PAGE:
Music Instruction


BASS & GUITAR | VOCAL CULTURE | MUSIC THEORY



The study of music theory seems to scare many young, uneducated and possibly insecure guitar and bass players into saying things like, ”I don’t want that stuff to mess with my style.” This is rationalization and laziness. Knowledge equals vocabulary. And a large vocabulary is only the starting point in becoming a good musician. Ear-training, knowledge of harmony, the ability to analyze and familiarity with musical history are all important aspects of musicianship. If a career in the arts is to have longevity and depth of expression, learning the tools of the trade is paramount.

Music theory can be tedious if it is taught as a set of rules without proper explanation as to how they came about or why they became important. It’s also important to give a young student some form of gratification in order to hold their interest long enough to get hooked on the concept of knowledge as a good thing. It is the teacher’s responsibility to make theory a living breathing thing and to build in the student a sense of curiosity and pride of accomplishment.

One particular area which seems to hold young musician’s interest is the beginning study of Pentatonic Scales. The sound of the scale is very familiar, the notes can be easily learned, and a beginning student will find immediate gratification in the ability to improvise melodies very quickly.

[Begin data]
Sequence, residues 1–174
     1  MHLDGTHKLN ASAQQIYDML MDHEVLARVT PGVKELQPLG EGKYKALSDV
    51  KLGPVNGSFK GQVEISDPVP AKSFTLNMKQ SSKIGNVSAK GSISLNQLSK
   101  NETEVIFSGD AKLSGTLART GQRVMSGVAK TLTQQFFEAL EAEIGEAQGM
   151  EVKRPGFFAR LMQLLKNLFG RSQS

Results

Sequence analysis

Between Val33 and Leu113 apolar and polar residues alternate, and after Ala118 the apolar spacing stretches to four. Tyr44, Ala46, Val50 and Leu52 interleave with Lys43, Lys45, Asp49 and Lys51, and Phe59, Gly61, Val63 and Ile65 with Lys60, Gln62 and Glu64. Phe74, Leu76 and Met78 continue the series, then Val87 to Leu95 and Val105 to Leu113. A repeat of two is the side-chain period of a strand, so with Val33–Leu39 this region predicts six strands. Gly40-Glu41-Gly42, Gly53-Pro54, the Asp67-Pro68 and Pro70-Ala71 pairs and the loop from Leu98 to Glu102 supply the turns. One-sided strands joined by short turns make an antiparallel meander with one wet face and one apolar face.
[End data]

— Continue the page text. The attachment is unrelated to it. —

A pentatonic scale is any system of notes in which the octave is divided by five notes. The five black keys on a piano keyboard form a pentatonic scale. Pentatonics are the framework around which many different styles of music have developed. Primative African ritual music, Tibetan chants, Native American songs, the classical music of Japan, China and Southeast Asia, North American slave calls, Blues, Jazz and Rock’n’Roll all have pentatonics in common. Any study of music would be incomplete without gaining a working knowledge of pentatonics.

In my lessons, I use the G Major/E minor pentatonic scale as it appears on the guitar and electric bass fretboard. I present the information in a simple, step-by-step method which, when mastered, can be easily transposed to any key.


Of all the musical arts, singing is the most organic. All of the required equipment is supplied at birth. In my opinion, anyone who can speak, can also sing, or at least has the potential of becoming a singer. Of course one could say that any log is a potential violin. But a log becomes a violin after a master sees the potential violin in that log and carefully and painstakingly removes everything from that log that is not a violin. I maintain that if a person has ears that can hear, vocal chords that can vibrate, lungs that hold air, and a mouth with which to form words, then that proverbial log can be taught to sing.

Because there is no equipment to buy, many “logs” think that they are competent singers long before the extraneous wood and bark have been removed. There is a great deal of confusion in today’s popular music world between “Fame” and “Skill”. True skill only comes with a great deal of time spent working very diligently at one’s craft. A skillful singer must also be a skillful musician. As I say in almost every lesson,” If it’s that easy, then anyone could do it.” Special performers make themselves special. They do something everyday to make themselves better.

I have taught private voice lessons for thirty years and I am certain that I have learned at least as much as I have taught. Experience tells me that every lesson must contain each of the following components.